Executive: Michael Calamaras. He operates his own financial firm as the financial advisor and field manager under the Northwestern Mutual brand, based in Sarasota. He started with Northwestern Mutual in 2019, after holding executive sales positions at payroll and human resources outsourcing firm TriNet. Calamaras also co-founded Spectro Racing LLC with a few friends. The team posts a variety of videos on YouTube for racing enthusiasts.
Diversion: Just like Ricky Bobby of Talladega Nights so eloquently put it, Michael Calamaras likes to go fast.
After a defensive driver course in high school, he was hooked. Now he takes cars to tracks nationwide and throughout the state. Following college, Calamaras and a few of his friends began competing in autocross events. He eventually traveled all the way to Salt Lake City to compete.
"Just like in business, things will be tough sometimes You’re going to wake up some days and not feel great. There were plenty of those days where I couldn’t perform at the level I thought I should be able to. You have to remind yourself that it’s one day out of how many days that you’ve trained." — Michael Calamaras
Adrenaline over money: Most hobbies require certain costs. If you picked up knitting, you'd have to buy the yarn.
But the hobby of racing cars can be quite expensive, Calamaras says. One weekend event alone could cost anywhere from $250 to $600 — just for an entry. That doesn't include how much gas is needed to drive there, a hotel stay and taking time off of work. Additionally, Calamaras says track insurance could be $300-$500 depending on the track.
But Calamaras wouldn’t have it any other way: the challenge fuels his passion. “I always loved the racing, technicality of the track and learning the corners,” he says, adding that learning the feel of the car was another great aspect. “It’s just fun for me.”
Close calls: To Calamaras, the challenges of racing is where the hobby pays off, especially when it comes to understanding how the car is going to respond to certain track conditions and learning the track.
“I would say the most challenging experience I had was when it rained,” he says. “I was coming down the back straight.” Calamaras was going around 130 mph. There was a braking zone downhill that turned into a 90-degree left hand turn. “I’m coming in hot,” he says of the experience. “So, that’s sort of scary.”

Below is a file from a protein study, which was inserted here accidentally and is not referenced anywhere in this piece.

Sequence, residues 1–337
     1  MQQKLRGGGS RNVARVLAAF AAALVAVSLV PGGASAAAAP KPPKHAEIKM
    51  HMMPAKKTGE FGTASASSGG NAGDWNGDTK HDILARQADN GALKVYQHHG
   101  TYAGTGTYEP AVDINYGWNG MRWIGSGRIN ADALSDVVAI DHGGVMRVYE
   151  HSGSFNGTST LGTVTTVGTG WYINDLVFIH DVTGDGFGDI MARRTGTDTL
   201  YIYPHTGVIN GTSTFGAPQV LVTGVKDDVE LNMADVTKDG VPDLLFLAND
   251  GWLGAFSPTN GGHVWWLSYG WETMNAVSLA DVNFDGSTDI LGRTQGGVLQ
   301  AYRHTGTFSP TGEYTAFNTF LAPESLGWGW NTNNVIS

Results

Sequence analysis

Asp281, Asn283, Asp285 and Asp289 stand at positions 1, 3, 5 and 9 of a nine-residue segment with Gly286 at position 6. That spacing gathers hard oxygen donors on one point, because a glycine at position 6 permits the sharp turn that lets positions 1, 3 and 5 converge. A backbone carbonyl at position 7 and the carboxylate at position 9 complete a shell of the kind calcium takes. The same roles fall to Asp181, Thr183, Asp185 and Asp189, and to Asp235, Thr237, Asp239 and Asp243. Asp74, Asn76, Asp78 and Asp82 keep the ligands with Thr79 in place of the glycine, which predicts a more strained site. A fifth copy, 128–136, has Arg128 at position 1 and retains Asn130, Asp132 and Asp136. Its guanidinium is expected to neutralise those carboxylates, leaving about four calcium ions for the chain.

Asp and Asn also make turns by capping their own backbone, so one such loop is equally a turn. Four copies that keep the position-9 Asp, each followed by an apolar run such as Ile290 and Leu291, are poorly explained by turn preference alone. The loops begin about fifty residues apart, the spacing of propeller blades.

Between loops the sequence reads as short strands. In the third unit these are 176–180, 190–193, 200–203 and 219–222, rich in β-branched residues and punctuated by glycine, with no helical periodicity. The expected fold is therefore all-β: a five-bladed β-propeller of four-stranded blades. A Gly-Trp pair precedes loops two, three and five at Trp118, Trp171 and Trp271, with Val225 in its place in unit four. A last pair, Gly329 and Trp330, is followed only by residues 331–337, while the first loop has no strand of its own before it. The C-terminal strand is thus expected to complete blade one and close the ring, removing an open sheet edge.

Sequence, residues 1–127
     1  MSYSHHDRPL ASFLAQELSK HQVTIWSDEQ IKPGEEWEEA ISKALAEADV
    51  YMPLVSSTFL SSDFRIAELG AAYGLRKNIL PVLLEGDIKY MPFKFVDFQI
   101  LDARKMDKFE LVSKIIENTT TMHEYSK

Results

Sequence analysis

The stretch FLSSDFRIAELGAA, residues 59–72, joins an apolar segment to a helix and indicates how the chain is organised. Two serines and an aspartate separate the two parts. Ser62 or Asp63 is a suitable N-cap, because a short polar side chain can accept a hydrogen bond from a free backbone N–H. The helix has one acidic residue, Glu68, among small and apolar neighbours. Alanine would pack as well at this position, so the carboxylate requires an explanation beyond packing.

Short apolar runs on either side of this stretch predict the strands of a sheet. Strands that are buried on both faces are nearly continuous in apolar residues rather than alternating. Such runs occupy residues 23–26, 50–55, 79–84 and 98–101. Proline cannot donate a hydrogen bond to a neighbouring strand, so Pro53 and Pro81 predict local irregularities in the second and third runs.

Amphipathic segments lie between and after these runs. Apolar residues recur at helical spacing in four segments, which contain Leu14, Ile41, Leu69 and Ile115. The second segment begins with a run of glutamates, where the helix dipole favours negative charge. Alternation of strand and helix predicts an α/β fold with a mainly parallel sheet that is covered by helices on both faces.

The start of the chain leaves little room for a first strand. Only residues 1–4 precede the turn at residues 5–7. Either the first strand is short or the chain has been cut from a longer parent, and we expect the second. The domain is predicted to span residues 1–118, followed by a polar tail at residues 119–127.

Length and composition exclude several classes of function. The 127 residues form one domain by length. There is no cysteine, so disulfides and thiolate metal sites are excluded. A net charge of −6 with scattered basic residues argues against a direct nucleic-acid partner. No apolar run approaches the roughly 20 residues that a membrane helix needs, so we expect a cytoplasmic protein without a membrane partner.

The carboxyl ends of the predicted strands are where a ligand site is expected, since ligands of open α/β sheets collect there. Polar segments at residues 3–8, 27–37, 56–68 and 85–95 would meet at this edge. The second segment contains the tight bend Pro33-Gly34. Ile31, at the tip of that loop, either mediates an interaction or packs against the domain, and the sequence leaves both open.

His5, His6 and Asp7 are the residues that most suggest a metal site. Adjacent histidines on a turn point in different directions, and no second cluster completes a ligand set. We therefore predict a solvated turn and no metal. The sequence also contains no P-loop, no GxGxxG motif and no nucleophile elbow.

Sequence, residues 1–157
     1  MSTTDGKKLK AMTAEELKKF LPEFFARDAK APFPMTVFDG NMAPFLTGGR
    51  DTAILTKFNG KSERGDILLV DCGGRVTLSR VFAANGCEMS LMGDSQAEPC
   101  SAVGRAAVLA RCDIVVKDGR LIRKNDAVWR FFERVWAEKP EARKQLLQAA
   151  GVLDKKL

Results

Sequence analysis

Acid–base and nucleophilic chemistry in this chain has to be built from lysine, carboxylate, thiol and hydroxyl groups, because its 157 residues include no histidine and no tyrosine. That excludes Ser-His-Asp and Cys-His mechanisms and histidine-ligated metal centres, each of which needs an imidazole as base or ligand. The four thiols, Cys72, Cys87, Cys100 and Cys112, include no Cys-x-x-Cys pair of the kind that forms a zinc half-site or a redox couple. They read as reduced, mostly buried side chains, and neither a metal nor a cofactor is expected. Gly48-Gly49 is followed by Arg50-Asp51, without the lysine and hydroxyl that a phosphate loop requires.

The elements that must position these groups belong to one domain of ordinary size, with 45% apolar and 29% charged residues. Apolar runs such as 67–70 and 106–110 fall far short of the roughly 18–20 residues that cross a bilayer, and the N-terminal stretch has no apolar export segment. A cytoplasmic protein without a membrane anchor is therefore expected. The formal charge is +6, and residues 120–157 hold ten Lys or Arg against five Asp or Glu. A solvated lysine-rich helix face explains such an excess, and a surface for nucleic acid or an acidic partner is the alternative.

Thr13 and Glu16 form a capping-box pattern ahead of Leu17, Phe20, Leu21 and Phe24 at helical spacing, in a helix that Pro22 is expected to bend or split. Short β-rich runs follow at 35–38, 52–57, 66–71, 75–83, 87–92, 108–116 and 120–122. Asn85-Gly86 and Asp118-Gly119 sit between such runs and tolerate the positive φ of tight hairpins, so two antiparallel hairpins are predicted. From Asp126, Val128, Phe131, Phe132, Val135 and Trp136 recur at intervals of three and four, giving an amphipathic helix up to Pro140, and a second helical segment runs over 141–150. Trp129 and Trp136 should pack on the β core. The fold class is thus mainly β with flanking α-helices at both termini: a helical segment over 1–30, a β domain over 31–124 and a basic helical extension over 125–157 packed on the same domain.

That’s not his only close call.
At one track, “I misjudged the braking and weight-shifting in my Mustang and began to oversteer,” he says. Calamaras drove off the track into the grass. “Luckily, somehow, even with very little grip on the grass, the vehicle just stopped. You could’ve put a piece of paper between the bumper and the wall. I was obviously clinched during that experience. That was probably the scariest experience.”
More than just a racer: Calamaras is always up for a challenge. That’s why he got started in CrossFit high intensity workout competitions last year. "You can tell there’s a trend,” he says. “I want to do something more challenging. I guess I’m an adrenaline junkie.”
So far, Calamaras has competed in a CrossFit Open, Festivus Games, a strength competition and the Battle at the Beach. He’s even participated in a few events where people carry backpacks with weights, known as ruck style competitions.
The marathon ruck is one of his most memorable experiences. For that, he ran a marathon with a 30-pound backpack, starting at Mote Marine Laboratory and Aquarium in Sarasota. It’s the only event where he’s come in first in his division. “It was interesting because I had never run a marathon before,” he says.
Unity in community: While the competition drew Calamaras in, community made him stay.
The CrossFit community, for example, is diverse. “You have everybody in there from high school students to senior citizens,” he says, noting he’s been to quite a few different Crossfit gyms, including local gyms Crossfit Lena, Seaward, Havoc and Real Fitness.
The community is actually his favorite part of both hobbies. While the communities are very different and unique, both are related in the sense that everyone shares a growth mindset.
“What you always see is a good attitude,” Calamaras says. “Most of these gyms have a good attitude. You feel supported even if they don’t know you.”
Stay on the train: One of the most challenging parts in either passion, Calamaras says, is seeing peers do better than him at certain activities. “You have to remind yourself that you’ve made progress,” he says.
And that can be its own reward. “You can take a step back and look at where you’ve come from to see how much you’ve improved.”
That mindset has helped Calamaras take his progress one day at a time.
“Just like in business, things will be tough sometimes,” he says. “You’re going to wake up some days and not feel great. There were plenty of those days where I couldn’t perform at the level I thought I should be able to. You have to remind yourself that it’s one day out of how many days that you’ve trained.”